12 April 2017

How better parenting can keep families functioning

By Cristina Odone

“The family is important in creating the best environment for young people to flourish.” Some 97 per cent of respondents in a recent Bheard poll agreed with this statement; 84 per cent believed that the family is the bedrock of a successful society; 75 per cent believed the family was more important than schools, employers, the welfare state and the church in creating a better society.

The Legatum Institute commissioned the poll to accompany the research I carried out for them on parenting classes. Frankly, such faith in the family came as a surprise. Looking around, there is little evidence of a society that cares deeply about parenting. In fact, the rise in mental health issues, binge drinking, and drug taking would suggest that the family, far from being a bedrock, is a crumbling edifice. According to the Centre for Social Justice, family breakdown costs the Treasury £46 billion once you take into account the social services interventions needed to restore order to chaotic lives.

What to do? Successive governments have attempted to offer a solution in the form of parenting classes. The instinctive libertarian reaction is the right one: the last thing dysfunctional families need is government imposing on them its views of what constitutes “good parents”. Top-down interventions have little traction, especially when they are officially designed to target “troubled families”. (Could someone please shoot the bureaucrat who came up with that helpful label?)

The approach has been for social services to refer problem parents to these classes, with the result that parenting classes now carry a huge stigma and most mothers and fathers would run a mile from such courses.

And yet, when I spent several months last year visiting parenting classes up and down the country, I found that parents who had attended these classes found them – without exception – helpful. They felt that their relationship with their children had improved. As had, in most cases, the relationship with their spouse or partner. Considering that the Coalition Government ploughed £30 million into offering four years of relationship support to new parents, parenting classes are couples counselling on the cheap.

Moreover the parents I interviewed all felt they had begun to forge friendships on the course – which filled an important need, as so many parents feel lonely and isolated. They gained self-confidence too, which spilled into other areas of their lives, from jobs to job applications.

Despite such praise, many of those I spoke to found the delivery of parenting courses problematic. Once they overcame the potential embarrassment of deciding to enrol in a course that others viewed as a humiliating admission of defeat, they faced two additional challenges: accessibility and duration.

There is no central database of parenting classes. Local authorities know what they fund but there are other providers – charities and private companies, not to mention religious institutions – whose classes fly under the radar (in some cases worryingly so). Many of the parents who elect to take the classes now discover them only through word of mouth.

The other challenge is that the typical parenting class lasts 10-12 weeks. That’s far too short to properly embed good parenting skills and values. Parenting lasts a lifetime – or at least 18 years. Three months’ mentoring doesn’t even make a dent in the skills deficit most families struggle with. Moreover, many parents view the support the classes offer as vital to their well-being, and feel bereft when, after three months, they are on their own.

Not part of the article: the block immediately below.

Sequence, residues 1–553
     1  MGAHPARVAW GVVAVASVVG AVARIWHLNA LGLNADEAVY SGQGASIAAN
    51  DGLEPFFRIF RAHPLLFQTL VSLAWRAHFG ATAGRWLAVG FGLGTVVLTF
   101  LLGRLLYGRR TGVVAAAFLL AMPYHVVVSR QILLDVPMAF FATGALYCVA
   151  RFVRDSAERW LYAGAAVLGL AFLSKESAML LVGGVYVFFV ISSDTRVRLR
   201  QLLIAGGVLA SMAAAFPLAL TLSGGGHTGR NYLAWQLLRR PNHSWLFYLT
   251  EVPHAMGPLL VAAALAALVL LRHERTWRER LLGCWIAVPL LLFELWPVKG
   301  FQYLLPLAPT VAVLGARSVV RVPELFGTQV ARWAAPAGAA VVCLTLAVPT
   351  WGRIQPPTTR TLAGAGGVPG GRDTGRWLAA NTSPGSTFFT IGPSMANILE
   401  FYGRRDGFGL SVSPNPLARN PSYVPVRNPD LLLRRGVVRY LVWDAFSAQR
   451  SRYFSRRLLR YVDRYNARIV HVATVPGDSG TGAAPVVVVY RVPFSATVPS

I have decided to set up a charity, the National Parenting Trust (NPT), to address these needs. The charity’s programme will act as a bolt on to existing classes, and rely on local trained volunteers. These volunteers will sit with parents through the (typically) 12-week course, then lead the parents into a less formal group at a local venue (someone’s home, a coffee shop, a church hall) where discussions will focus on parenting. The classes will use material especially designed for the purpose by Family Links, the national parenting charity, and Gary Lewis, the inspirational head of Kings Langley School in Hertfordshire. His approach is based on character – and it’s transformed a sink comp into a shining beacon of academic excellence.

The volunteers will lead the groups for as long as participating parents feel they need – this is great for generating and promoting the elusive “social capital” that all politicos love.

It will prove a money-saving initiative: the volunteers will be trained in raising the alarm when they spot any potential issue well before this becomes a serious problem in need of state intervention. Serious usually means hugely expensive: social services working with a family costs on average £330,000 per family per year. Compare that with training a volunteer through NPT – £130,000 for 40 volunteers who will cover 400 parents over many years.

Because of its benefits for the wider neighbourhood, local businesses as well as local authorities may well wish to invest in the NPT. Surrey County Council already has: it is rolling out a pilot project across all of its district wards. Four hundred parents – middle class as well as disadvantaged – will take part. Surrey Care Trust, a local volunteering charity, will train the volunteers to lead the parents into informal fortnightly sessions.

My guess is that the NPT will transform parenting classes – peeling off the stigma of conscription and introducing the idea of continuous local support. My hope is that it will transform parenting, too.

Cristina Odone is director of the Centre for Character and Values at the Legatum Institute